An audit by the IRS is a review or examination of the accounts and financial data of an individual or an organization in order to verify that the correct information is being reported. The audit also makes certain that the taxpayer has complied with tax laws, and that the correct amount of tax has been reported.
How Are Tax Returns Selected to Be Audited?
The IRS has several different ways of choosing the returns that are to be audited. One such method is random selection and computer screening, in which the basis of selection is a statistical formula. The IRS may also try to match documents.
If your W-2 forms, 1099 forms, and other employment forms records are inconsistent with the information reported, then that may be reason for an audit. In addition, the IRS may decide to audit your return if it involves issues or transactions with other taxpayers, including business partners and investors, whose returns were chosen to be audited.
Where Does an Audit Take Place?
An audit may take place via mail or through a face-to-fact interview and analysis of the taxpayer’s records. The interview could occur at any of the following locations:
- IRS office
- Taxpayer’s home
- Taxpayer’s place of business
- Accountant’s office
The IRS will inform you regarding which records you will have to produce for review. As a result of the audit, you may be required to amend your return. It is also possible that you may not need to make any changes to your return. If your account is chosen to be audited, the IRS will inform you via mail or telephone. In the event that you are notified via telephone, the IRS will send you a letter of confirmation concerning the audit. The IRS does not use email notification.
What Are My Rights During an Audit?
As a taxpayer, you have certain rights during an audit. Among these are:
- A right to be treated in a courteous and professional manner by IRS employees.
- A right to privacy as well as confidentiality concerning tax matters.
- A right to know the reason the IRS is requesting information, the way in which the IRS will use the information, and the consequences if the information is not provided.
- A right to representation, whether it be by yourself or someone authorized to represent you.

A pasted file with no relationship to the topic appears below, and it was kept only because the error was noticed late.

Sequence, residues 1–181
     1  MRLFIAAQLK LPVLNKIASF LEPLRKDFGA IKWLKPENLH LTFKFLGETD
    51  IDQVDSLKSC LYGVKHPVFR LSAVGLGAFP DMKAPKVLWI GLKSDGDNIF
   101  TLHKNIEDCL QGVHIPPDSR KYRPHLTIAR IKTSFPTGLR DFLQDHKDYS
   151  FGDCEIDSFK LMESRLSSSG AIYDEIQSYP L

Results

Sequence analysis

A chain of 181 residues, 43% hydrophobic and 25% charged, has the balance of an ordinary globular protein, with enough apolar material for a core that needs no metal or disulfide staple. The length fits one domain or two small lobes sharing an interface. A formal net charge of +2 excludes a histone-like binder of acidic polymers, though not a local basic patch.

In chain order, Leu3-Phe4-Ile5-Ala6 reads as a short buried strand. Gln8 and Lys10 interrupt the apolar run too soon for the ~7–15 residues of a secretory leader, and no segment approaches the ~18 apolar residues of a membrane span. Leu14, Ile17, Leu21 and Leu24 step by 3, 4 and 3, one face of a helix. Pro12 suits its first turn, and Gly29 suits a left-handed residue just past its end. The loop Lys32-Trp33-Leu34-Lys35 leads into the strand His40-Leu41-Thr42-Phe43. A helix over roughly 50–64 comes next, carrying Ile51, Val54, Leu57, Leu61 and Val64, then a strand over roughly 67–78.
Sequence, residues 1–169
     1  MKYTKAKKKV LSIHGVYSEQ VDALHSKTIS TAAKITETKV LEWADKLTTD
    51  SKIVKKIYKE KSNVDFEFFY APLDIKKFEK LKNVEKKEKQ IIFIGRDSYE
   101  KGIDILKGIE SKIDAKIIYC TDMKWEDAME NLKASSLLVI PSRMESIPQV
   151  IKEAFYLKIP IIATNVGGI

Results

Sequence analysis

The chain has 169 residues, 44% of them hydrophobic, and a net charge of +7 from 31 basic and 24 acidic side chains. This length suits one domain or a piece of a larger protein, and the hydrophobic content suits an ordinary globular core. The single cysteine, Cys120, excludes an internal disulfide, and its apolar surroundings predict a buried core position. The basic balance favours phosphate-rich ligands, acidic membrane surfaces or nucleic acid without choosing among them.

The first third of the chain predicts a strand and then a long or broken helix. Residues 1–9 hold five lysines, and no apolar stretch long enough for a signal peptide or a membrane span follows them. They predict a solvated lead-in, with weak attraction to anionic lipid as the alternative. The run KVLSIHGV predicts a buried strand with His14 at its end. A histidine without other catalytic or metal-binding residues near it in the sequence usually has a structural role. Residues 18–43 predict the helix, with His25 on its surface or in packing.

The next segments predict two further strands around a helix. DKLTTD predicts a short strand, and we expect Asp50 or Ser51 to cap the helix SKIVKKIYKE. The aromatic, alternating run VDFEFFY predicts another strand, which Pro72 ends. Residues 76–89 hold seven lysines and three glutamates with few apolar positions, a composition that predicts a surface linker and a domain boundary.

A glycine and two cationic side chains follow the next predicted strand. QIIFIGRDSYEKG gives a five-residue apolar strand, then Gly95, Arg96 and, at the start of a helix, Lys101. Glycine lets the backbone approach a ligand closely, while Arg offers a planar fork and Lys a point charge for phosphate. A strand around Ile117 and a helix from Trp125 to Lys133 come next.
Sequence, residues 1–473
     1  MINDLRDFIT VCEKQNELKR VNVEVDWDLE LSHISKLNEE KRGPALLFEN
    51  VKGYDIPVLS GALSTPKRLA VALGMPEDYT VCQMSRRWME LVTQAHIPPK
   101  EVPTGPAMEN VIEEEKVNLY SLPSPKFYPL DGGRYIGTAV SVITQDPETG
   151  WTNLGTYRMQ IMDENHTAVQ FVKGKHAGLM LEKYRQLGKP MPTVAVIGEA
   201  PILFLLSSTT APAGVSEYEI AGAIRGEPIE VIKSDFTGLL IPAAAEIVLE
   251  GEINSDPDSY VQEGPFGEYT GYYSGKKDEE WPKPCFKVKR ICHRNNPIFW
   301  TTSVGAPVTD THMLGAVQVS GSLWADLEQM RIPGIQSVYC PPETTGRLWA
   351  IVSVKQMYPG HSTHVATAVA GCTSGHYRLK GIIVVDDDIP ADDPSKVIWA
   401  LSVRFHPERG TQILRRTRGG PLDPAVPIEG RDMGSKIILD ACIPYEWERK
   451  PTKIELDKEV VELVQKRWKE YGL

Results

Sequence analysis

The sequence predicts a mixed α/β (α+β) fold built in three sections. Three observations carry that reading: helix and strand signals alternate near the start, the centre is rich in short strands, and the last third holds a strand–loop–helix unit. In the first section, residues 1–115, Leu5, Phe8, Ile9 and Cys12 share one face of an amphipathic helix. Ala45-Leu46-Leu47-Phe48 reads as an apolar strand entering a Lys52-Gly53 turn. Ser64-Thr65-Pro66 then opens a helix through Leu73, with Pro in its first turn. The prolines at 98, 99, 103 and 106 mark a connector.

- A right to file an appeal of disputes, within the IRS and the court system.
How Long Is the Audit Process?
The length of the audit depends on the following factors:
- The kind of audit that is being conducted.
- The complexity of the documents to be reviewed.
- The accessibility of the information that is requested.
- The availability of each party for meetings to be scheduled.
- Whether you agree or disagree with the findings of the audit.
The IRS will send you a written request for the documents that are necessary to conduct an audit. By law, you are required to retain records that were used in the preparation of your return. You should keep those records for three years from the date on which your tax return was filed.
Does the IRS Accept Electronic Records?
The IRS does accept electronic records. If you keep records electronically, you may be requested by the IRS to produce such records instead of or in addition to other kinds of records. It is advisable for you to contact your auditor in order to make certain that any records you provide to the IRS are in a software program that is compatible with that of the IRS.
Conclusion of an Audit
There are three ways in which an audit can be concluded:
- An audit may result in no change: This means that you have corroborated all of the documents being reviewed, and there are no changes.
- An audit may result in your agreement with the proposed changes by the IRS.
- An audit may result in your disagreement with proposed changes by the IRS.
If you are in agreement with the audit findings, then you will be requested to sign an examination report or comparable form. If you do not agree with the audit findings, then you may request a conference with a manager to further review the issues. You may also file an appeal.
Should I Consult a Tax Attorney?
If you are going to be audited, you should consult a tax attorney or certified tax professional who can help you prepare for, and represent you during, the audit.